The retail banking industry is waking up to what the rest of us have known since the dot-com bubble burst in the dawn of the new millennium a little over four years ago. The internet is a route to market and its future in revolutionising the way we do business is about connectivity, but it doesn’t replace the existing retail locus.
Retail banks have discovered that they can’t take their trade entirely online. Sure, much of the transactional side of account management has successfully been digitised, but the sales function – particularly for higher-cost items such as mortgages and loans services – needs to be located in a branch network. Consequently, the banks, after a couple of decades of redundancies and branch closures (with one or two counter-cyclical exceptions), are reinvesting in a high street presence and the personnel to staff them. Barclays last week announced that it is to cut 800 staff from its headquarters and recruit 1,000 more branch staff.
That trend is repeated elsewhere. Royal Bank of Scotland, which owns NatWest, has just taken on a similar number in an effort to reduce branch queues. Lloyds TSB is planning to open branches at railway stations – a sort of banking version of Tie Rack – and is reappointing about 400 “meet and greet” staff. Abbey is recruiting a similar number and revamping its premises. This is a long way from reversing the closure programme of the past 20 years, which saw some 3,500 branches disappear. It also demonstrates that high street retail finance is far from the anachronism that it has been claimed to be.
My guess is that concerns over security on the internet and remote, inarticulate telesales staff have alienated customers. Complaints about banks rose by nearly 60 per cent in 2003, while complaints about customer-service standards more than trebled, according to the Banking Code Standards Board. Like so many other transactions, customers like to surf the Net for research purposes and for simple transactions, but for larger and more complex purchases, and for advice, they want to be able to eyeball a company representative.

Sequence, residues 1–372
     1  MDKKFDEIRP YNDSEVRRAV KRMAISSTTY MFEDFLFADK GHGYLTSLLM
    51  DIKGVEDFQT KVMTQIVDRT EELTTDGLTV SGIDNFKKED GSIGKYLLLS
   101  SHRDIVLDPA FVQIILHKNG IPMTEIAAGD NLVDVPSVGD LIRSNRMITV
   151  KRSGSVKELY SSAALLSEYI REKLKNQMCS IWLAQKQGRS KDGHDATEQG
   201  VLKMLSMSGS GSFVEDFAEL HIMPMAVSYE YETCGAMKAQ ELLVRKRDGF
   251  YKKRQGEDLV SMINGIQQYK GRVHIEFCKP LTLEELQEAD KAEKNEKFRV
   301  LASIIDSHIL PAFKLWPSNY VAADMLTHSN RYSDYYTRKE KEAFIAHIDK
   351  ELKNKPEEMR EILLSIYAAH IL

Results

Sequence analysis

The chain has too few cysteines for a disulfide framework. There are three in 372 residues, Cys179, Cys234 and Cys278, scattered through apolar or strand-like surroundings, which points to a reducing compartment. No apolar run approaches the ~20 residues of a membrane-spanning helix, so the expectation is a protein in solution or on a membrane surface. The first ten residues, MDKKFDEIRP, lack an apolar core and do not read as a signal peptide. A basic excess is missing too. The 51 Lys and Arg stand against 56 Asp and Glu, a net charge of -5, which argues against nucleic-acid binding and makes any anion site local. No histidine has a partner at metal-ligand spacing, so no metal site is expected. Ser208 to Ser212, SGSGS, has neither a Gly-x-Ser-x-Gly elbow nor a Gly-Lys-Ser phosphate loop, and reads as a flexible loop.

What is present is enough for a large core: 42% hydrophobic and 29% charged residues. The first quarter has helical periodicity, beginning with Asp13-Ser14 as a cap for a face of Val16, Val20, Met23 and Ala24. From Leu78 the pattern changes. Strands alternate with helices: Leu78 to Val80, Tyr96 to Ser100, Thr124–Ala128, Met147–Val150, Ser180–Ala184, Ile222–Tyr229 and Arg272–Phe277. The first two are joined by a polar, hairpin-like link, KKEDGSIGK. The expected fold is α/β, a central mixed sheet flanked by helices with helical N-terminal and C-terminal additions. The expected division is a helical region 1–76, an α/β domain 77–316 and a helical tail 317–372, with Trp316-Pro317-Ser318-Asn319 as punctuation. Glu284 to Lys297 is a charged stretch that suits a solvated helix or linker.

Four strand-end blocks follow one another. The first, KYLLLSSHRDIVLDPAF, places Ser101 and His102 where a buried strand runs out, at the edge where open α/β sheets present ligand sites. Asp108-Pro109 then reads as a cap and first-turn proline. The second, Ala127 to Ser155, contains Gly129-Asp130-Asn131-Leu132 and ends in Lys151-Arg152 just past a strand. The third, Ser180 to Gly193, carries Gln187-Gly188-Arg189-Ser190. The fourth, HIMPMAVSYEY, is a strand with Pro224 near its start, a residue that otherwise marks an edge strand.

This retrogression to the days when a liveried flunky opened the door for you, took your umbrella and called you “sir” – or something more 21st century, such as taking your laptop and calling you “mate” – has been accompanied by an influx of senior executives from industries that historically have been more used to engaging with their customers. Halifax Bank of Scotland (HBoS) has acquired a head of retail banking, Andy Hornby, from Asda, while Abbey has a customer propositions director, Angus Porter, who used to run the consumer division of BT Retail.
In marketing terms, these people have previous offences to be taken into consideration. At Mars, Porter renamed the Opal Fruits brand Starburst. Hornby is responsible for the myopic, Brummie-singing bank manager Howard, who rides flying swans. In mitigation, it should be entered that HBoS won 1.2 million new accounts last year and about a million new credit-card customers. It also saw its pre-tax profits rise 19 per cent to £1.69bn.
The real question, though, is where these consumer marketing people are going to take retail banking. On what model is this industry to be developed if it is to emulate other consumer businesses? My view is that retail banking could learn a great deal from the recent experience of the fast-food industry, or “convenience restauranting”, as it would rather be known.
Banks have started to grasp that, like fast-foodies, customers want to be served quickly – that’s why they’re staffing up again. But they also want a degree of comfort – the Starbucks factor has something to teach the banks here. I predict sofas and frappuccinos in banking halls by next summer.
More fundamentally, the food industries are facing, in the wake of a parliamentary select committee report on obesity, demands for clearer nutritional information on their products. The buzz around food companies is “informed choice”. There is an absurd proposition for foods to be labelled with traffic-light logos, with red for the fatties, green for the outright healthy and amber for anything that’s good for you of which the food police disapprove.
A similar system would be better suited to retail banking, so that we can see which financial products are good for us – and which will simply make the bankers fat. This is not a facetious suggestion. The financial services industries have been hopeless, possibly for cynical reasons, about informing investors adequately about their products, relying on notoriously impenetrable small print. A great service that consumer marketers can bring to retail banking is to tell us what is in what we consume from our banks. George Pitcher is a partner at communications management consultancy Luther Pendragon